9/11 Survivor Tree Seedling
Clarksburg, WV is home to a seedling from the 9/11 Survivor Tree discovered in the rubble of Ground Zero in New York City. The Survivor Tree seedling, a Callery Pear which will grow to a towering 40 feet tall, was given to the City of Clarksburg in memory of the thousands of West Virginia coal miners who have lost their lives and to recognize first responders. The Survivor Tree is located in the courtyard of the Harrison County Board of Education in downtown Clarksburg. (Downtown Historic District)
The Immigrant Statue
Depicting the diverse make-up of the population in and around Clarksburg, a statue has been erected on the courthouse plaza. (Downtown Historic District)
Thomas Stonewall Jackson Statue
Thomas J. “Stonewall” Jackson was born in Clarksburg on January 21, 1824. In 1953, a statue of Lt. General Jackson was erected on the Harrison County Courthouse plaza, just across the street from the location of the Main Street home where he was born. (Downtown Historic District)
Union Civil War Monument
This monument, located in front of the Clarksburg City Building at 222 W. Main Street, was dedicated on May 30th, 1908 and was erected by the citizens of Harrison County in memory of its soldiers who served in wars from 1776 to 1907. (Downtown Historic District)
To commemorate the Spanish-American war of 1898, a Spanish cannon sits in front of the Post 573 Veterans of Foreign Wars building at 430 W. Pike Street. This cannon was captured in May 1898 by U.S. Naval Forces under the command of Admiral George Dewey near Manila in the Philippine Islands. The cannon was cast in Seville, Spain in 1795 and weighs 6,283 lbs. (Downtown Historic District)
Odd Fellows Cemetery
Opened in 1865, this cemetery contains the graves of many prominent families of Clarksburg and was used as a campground for soldiers during the Civil War. This cemetery is on South Chestnut Street at Washington Avenue.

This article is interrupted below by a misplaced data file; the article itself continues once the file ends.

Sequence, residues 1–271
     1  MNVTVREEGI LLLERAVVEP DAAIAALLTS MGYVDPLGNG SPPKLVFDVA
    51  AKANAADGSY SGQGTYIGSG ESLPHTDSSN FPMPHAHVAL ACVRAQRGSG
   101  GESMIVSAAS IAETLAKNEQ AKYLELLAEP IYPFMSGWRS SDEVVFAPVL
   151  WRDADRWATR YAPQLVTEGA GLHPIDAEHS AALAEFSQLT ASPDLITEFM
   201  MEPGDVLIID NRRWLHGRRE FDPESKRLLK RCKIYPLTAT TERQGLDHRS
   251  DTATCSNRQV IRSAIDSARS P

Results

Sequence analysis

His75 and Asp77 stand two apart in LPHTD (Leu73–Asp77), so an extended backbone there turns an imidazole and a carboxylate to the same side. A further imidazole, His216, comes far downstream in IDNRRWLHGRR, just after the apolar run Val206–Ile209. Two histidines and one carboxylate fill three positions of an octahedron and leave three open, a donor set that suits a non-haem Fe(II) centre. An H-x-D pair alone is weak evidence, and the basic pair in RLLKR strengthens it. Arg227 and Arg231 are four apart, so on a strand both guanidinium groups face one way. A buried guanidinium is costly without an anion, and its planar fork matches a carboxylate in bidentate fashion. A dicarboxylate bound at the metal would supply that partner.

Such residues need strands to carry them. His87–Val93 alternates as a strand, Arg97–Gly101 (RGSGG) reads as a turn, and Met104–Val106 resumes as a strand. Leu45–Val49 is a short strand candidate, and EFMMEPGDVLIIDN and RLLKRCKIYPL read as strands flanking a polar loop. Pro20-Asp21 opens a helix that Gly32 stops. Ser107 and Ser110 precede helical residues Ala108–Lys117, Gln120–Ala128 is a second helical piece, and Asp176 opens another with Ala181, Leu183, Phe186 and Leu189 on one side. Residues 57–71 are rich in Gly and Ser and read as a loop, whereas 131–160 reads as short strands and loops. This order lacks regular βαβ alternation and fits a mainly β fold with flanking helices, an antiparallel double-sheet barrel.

Established in 1801, this cemetery holds the graves of Stonewall Jackson’s father, sister and great-grandparents as well as Dolly Payne Madison’s sister and mother. The Jackson graves are well-marked and are located in the rear of the cemetery. This cemetery is located on South Linden Avenue or accessed from E. Pike Street.
Holy Cross Cemetery
This cemetery is the resting place of many U.S. Soldiers including veterans of WWI, WWII, the Spanish American War, and Vietnam. You will find this cemetery at 279 Marshall Street in Clarksburg.
Greenlawn Masonic Cemetery
This cemetery is the resting place of many Civil War soldiers. Current records only indicate Union Soldier burials. Located approximately 10 miles from the Clarksburg courthouse in Salem, WV, take Route 50 west to the Marshville exit and drive 1.6 miles to see it on the left.
This cemetery contains the graves of Major William. Haymond Sr., a sergeant under Col. George Washington during the French and Indian Wars and as an officer in the Revolutionary war; Sotha Hickman of the Virginia Militia in the Revolutionary War and Major Thomas Haymond, an Indian Scout. Both of the Haymonds were surveyors of Harrison County. This cemetery is located south of Clarksburg off Route 20 on Zack’s Run Road.
Simpson Creek Baptist Cemetery
Located at the intersection of Hwy 50 and W.Va 73 is the oldest cemetery in Harrison County with graves dating back to 1782.